Musical Traditions in Temples - Odhuvars
Updated: Sep 13, 2021
In the past few months, we have been covering the musical traditions of temples in Tamil Nadu. Apart from the many musical instruments being part of the day-to-day rituals of temples, there exists a strong vocal music tradition. The beautiful hymns that were composed many centuries ago by Saivaite and Vaishnavite poets are celebrated and sung.
As many of us know, the Bhakthi movement in South India starts in the Tamil region around the 5th Century CE with Nayanmars and Azhwars; the Saivite, and Vaishnavites who visited many shrines and composed hymns in Tamil on the presiding deity of the temple. Those hymns which are more than 1500 years ago are still very much alive today and are being sung in many temples across the country.
Both Saivite and Vaishnavite temples have many unique musical traditions. In the Saivite temple music traditions, the singing of Panniru Thirumurai has survived. The singing of Naalayira Divya Prabandham at the Vaishnavite temples has now become more of a chanting. But, the Saivite hymns Known as Thevarams, are still sung the same way for many centuries.
The Panniru Thirumurai, the compiled hymns of Saivite poets which were written between 5th century CE and 12th Century CE are chanted and sung. Panniru Thirumurai (twelve collected works of poets) was compiled perhaps post 12th century, most likely after Sekkizhar wrote his Periya Puranam which is the 12th book in the Panniru Thirumurai. The Thevaram hymns, which occupy the first eight Thirumuraigal are the combined hymns of Thirugnana Sambandhar, Thirunavukkarasar, and Sundarar. These are mainly sung during the daily rituals in the Shiva temples.
Umapathy Sivacharya, a poet-scholar said to have lived in the 13th century wrote the Thirumurai Kanda Puranam (discovery of Thirumurai) in which he mentions that these collected poems of the saints were kept in a secret chamber in the Chidambaram temple and it was discovered by the Chozha king with the guidance of Nambiyandar Nambi a revered poet-saint.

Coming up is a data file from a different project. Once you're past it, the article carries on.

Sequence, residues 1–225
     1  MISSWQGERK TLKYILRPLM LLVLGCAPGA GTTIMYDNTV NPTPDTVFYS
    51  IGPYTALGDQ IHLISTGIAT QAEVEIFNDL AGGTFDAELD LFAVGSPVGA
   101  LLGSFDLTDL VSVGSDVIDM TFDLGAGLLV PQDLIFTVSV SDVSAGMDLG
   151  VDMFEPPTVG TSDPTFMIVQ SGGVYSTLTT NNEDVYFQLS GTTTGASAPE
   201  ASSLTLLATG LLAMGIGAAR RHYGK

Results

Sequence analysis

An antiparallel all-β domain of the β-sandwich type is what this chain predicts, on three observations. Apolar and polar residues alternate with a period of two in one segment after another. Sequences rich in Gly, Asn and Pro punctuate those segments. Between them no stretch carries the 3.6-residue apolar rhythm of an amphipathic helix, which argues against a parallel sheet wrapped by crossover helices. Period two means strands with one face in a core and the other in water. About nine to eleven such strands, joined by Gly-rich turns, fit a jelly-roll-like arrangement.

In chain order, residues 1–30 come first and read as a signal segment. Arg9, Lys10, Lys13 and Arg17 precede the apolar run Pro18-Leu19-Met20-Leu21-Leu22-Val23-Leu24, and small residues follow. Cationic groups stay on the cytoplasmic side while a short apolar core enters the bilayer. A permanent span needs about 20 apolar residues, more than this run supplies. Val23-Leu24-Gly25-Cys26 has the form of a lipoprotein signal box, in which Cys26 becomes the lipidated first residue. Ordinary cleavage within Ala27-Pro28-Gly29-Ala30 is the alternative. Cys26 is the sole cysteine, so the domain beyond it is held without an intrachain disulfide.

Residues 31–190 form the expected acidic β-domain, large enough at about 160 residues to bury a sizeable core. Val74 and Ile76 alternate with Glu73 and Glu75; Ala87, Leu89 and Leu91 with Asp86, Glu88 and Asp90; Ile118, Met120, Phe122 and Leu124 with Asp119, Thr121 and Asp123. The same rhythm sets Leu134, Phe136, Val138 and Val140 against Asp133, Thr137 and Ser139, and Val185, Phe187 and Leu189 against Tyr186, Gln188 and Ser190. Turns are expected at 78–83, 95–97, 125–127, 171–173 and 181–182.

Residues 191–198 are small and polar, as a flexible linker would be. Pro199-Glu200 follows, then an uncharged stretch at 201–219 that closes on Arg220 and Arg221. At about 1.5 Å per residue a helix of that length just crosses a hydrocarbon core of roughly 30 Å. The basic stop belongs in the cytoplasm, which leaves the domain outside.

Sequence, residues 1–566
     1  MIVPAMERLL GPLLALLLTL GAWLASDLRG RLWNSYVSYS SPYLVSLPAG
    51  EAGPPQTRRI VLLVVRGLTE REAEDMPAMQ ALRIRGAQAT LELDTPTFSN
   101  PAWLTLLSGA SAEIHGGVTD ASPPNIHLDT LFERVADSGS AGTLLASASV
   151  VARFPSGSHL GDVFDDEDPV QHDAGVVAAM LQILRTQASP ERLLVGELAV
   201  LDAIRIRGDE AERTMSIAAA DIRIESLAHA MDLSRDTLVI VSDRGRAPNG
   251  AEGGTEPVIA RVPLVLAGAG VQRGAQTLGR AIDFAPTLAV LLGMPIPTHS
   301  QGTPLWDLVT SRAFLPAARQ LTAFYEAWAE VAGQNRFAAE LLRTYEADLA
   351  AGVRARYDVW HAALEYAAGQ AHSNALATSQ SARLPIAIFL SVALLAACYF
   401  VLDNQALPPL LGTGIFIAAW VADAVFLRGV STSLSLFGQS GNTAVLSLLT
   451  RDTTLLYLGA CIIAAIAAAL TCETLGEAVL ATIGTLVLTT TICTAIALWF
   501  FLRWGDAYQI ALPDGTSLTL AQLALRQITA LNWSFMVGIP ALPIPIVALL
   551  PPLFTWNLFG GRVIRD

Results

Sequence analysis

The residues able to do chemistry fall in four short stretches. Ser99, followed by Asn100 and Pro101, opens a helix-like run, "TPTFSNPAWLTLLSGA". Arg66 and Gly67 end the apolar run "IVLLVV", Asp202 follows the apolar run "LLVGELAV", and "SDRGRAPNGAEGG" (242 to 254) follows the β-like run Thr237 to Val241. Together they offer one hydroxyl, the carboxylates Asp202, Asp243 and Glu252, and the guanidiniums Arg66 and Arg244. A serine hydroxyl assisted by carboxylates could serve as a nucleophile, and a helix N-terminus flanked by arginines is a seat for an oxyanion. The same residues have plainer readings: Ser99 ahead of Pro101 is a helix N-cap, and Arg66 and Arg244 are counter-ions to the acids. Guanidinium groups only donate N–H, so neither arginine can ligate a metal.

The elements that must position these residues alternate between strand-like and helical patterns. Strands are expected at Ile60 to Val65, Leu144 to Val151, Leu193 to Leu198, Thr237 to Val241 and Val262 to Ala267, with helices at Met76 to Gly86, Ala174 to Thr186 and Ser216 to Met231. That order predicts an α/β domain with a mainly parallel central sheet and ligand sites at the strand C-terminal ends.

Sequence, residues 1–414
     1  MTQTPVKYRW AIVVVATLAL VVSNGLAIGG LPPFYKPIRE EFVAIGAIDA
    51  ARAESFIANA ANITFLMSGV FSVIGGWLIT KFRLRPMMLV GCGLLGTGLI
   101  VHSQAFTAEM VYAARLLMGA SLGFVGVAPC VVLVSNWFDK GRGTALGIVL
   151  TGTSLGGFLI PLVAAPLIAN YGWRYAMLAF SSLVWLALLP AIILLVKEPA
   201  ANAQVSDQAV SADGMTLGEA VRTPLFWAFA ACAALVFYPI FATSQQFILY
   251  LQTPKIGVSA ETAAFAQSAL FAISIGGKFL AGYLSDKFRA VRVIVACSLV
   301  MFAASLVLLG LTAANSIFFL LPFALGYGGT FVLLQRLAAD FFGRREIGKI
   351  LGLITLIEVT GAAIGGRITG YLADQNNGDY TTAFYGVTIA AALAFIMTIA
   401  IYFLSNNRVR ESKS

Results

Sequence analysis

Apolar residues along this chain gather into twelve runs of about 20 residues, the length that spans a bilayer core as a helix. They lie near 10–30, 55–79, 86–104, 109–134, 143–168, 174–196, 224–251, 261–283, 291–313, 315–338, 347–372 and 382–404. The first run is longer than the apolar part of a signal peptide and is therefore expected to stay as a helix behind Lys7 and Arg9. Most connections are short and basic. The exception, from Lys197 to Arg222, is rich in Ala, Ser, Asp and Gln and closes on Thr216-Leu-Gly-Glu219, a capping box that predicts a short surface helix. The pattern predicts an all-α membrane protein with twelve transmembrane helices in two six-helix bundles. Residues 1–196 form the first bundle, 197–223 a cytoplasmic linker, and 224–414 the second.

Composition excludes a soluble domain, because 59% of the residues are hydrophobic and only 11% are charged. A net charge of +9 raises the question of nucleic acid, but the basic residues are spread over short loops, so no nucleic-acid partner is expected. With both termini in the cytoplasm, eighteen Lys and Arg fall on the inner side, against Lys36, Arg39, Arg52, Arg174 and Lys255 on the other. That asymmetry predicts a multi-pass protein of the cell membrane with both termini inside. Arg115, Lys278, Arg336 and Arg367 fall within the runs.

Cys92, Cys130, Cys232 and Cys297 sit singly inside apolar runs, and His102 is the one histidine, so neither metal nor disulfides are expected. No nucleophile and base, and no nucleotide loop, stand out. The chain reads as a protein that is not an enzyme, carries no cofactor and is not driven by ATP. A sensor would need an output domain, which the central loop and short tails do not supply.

The word Thevaram has many meanings and it has changed over the centuries. According to some scholars, the Thevaram is an extension of singing “Vaaram”(Vaaram Paaduthal) that has been mentioned in Sangam literature. The prefix “The” denotes God. Thevaram became the word to denote the hymns of the three poets and hence they came to be also called Thevara Moovar (Thevaram Trinity). The word later came to mean the place where the metal images of the Gods are kept. The inscriptions call this place the Thevara Mandapam.
However, earlier, these hymns were known as Thiruppadhikam and people who sang these at the temples were known as Thiruppadhikam Paaduavar. At the Rajarajewaram temple, known as Sri Brihadisvara temple at Tanjore, built in the eleventh century CE, the inscriptions give us an enormous amount of details about them. The singers are mentioned as Thiruppadhikam Paaduvar. It is evident from the inscriptions that these hymns were called Thiruppadhikam for a long time. Later they have been used to denote the hymns of Thirunavukkarasar, Sambandhar, and Sundarar. Thiruvasakam, the well-known and celebrated work of Manikkavaasakar is usually mentioned along with the Thevaram and the composers of Thevaram and Thiruvasakam are reverently called Saiva Samaya Kuravar (perceptors of the Saiva religion).
The singers of the hymns who were earlier known as Thiruppadhikam Paaduvar came to be called Odhuvars in later times and are referred to as such, even today. These Odhuvars are and their traditions still thrive in many parts of Tamil Nadu. The music for the Thevaram hymns hasn't changed for many centuries. The Odhuvars were given land grants and regular salaries were paid to them by the temples. We have many inscriptions and copper plate records which give many details about their traditions.
In the last few centuries, the patronage for Odhuvars has been minimal, but, thankfully, it has been keeping these traditions alive. Many Patasalas teach Panniru Thirumurai which are run by Government and private bodies. But, this needs more support in terms of opportunities and sustenance. We at Prastara are working towards supporting Odhuvars across Tamilnadu by appointing them in temples with the required permissions from the authorities. We sincerely hope that this tradition gets the great support it deserves.
If you wish to support us in our initiative, you can reach out to us at firstname.lastname@example.org or +91 9884013485. Donations can be sent through bank transfer to the below account: Prastara Charitable Trust | State Bank of India | Adyar SME Branch, Chennai Current A/c No. 33646223076 IFSC Code: SBIN0013361.